Because sextimacy circumvents the hard work of relationship development women who have not been exposed to attentive relationships in childhood are more at risk of a sextimacy dynamic in their adult romantic relationships. For some this fosters a tendency to see themselves only through the eyes of others. Frequently, sextimacy comes into a young woman’s life at no fault of a caregiver; the culture at large and peer group influence alone may account for its development. For example, our culture promotes the idea that girls and women should embody a contradictory image of being a seductive, yet innocent object of desire. Many girls and women expend their energy trying to appear seductive and innocent so as to attain male desire, with too little thought given to their own desire.

Although these women tell me they are looking for long-term acceptance and commitment from the men in their lives, their actions tell a different story. Sextimacy is a self-defeating cycle.

In my experience treating adolescents and adult women, I find those who maintain relationships in which their needs habitually go unmet have specific areas of self that are not fully developed. As a woman cultivates a strong core sense of self, fulfilling relationships in which her needs are consistently met will follow. By growing in this way, women are less vulnerable to sextimacy and more able to get what they truly want from men—authentic connection, sexual fulfillment and emotional intimacy.

One of many reasons why it is so important for young women to understand early what is in their best interest in romantic relationships, is so they will avoid falling into relationships that will never give them what they need emotionally.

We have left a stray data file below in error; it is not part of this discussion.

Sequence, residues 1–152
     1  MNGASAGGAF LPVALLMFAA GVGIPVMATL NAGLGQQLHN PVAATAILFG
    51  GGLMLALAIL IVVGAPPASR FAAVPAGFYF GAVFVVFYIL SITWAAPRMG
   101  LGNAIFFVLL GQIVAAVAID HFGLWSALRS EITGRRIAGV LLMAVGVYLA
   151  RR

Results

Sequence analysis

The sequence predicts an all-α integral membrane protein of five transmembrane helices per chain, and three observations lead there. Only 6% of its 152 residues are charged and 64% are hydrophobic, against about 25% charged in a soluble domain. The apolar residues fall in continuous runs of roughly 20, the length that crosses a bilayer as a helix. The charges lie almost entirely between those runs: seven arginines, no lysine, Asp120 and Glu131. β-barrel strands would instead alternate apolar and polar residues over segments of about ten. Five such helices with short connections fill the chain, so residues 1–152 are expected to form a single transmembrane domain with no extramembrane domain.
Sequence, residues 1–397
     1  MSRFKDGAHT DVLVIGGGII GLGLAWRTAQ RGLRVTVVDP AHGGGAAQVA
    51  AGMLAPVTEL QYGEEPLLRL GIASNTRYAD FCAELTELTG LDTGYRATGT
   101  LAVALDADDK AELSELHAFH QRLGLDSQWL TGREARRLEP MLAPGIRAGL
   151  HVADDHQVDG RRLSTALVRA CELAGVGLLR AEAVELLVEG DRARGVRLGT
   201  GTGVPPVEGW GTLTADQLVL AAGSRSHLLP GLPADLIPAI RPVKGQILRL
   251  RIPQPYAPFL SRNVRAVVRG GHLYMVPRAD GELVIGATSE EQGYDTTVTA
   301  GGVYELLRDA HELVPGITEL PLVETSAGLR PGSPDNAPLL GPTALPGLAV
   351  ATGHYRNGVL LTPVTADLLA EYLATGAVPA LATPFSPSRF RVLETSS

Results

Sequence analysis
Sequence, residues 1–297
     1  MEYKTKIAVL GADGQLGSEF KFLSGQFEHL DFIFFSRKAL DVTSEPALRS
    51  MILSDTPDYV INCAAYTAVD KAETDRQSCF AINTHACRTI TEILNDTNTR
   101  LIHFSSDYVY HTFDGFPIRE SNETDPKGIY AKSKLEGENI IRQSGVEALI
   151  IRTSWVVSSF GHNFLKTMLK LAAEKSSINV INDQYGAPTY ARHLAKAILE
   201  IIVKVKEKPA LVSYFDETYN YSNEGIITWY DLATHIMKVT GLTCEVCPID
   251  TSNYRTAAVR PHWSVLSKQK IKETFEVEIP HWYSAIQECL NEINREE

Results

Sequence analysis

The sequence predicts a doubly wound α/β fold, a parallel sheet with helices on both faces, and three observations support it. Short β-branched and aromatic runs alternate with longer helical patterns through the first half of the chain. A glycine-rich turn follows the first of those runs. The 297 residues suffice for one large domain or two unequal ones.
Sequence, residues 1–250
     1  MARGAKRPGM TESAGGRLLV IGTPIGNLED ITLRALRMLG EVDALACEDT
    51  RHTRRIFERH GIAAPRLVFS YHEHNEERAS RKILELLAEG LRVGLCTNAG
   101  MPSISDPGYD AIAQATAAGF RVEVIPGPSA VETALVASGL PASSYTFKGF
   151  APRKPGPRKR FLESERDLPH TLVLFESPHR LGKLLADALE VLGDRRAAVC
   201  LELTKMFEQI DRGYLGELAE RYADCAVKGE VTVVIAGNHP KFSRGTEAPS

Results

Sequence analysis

While the lack of true emotional intimacy between a couple may seem obvious to independent observers, it may very well not register to a woman whose romantic experiences have mostly revolved around sextimacy. And so she plunges ahead into marriage or makes commitments to a longer-term relationship that is not good for her emotional happiness.

Even if she does not fully comprehend this as circumstances unfold, a lack of understanding coupled with superficial communication leads to a relationship crisis when the woman suddenly realizes how isolated and alone she actually is. There is little to repair in a relationship when there has never been a serious level of emotional intimacy. The break-up that may follow is painful.

It is much better to assure a girl early on, that she ought to value herself, and accept that her needs and desires deserve attention from the very beginning of a relationship. Her willingness to please the other is not enough. There is an essential level of self-regard that each partner must be willing to expose to make a romantic relationship flourish.

I have found that most parents long to protect their daughters from making wrong and fateful decisions such as these. But, they may not appreciate what has to take place to psychologically position their girls so that they naturally make their own feelings and desires a priority.

We have all heard someone say that such and such a woman just did not know how to pick men. They may have endured one-sided romances and weathered serial marriages. The idea is that they are simply meant to be unhappy in love, as if that were a condition that could be preordained by fate.

Actually, there is nothing inevitable about a woman making decisions that deny her emotional intimacy in romance. The approaches and skills that protect so many are learned. Not only can young girls in the right environment master what they need to know, but those who miss the necessary experience as they grow up may—with an effort— catch up and find the way to pick the right man for them.

Having Sex Wanting Intimacy

Having Sex Wanting Intimacy

Dr. Jill Weber, a licensed clinical psychologist, practices in the Washington, DC area. Dr. Weber offers expertise in psychotherapy for adults, teenagers, and couples, tailoring her treatment to individual history and problem areas. Dr. Weber writes a blog for Psychology Today and is the author of Having Sex, Wanting Intimacy: Why Women Settle for One- Sided Relationships. Follow her on twitter @DrJillWeber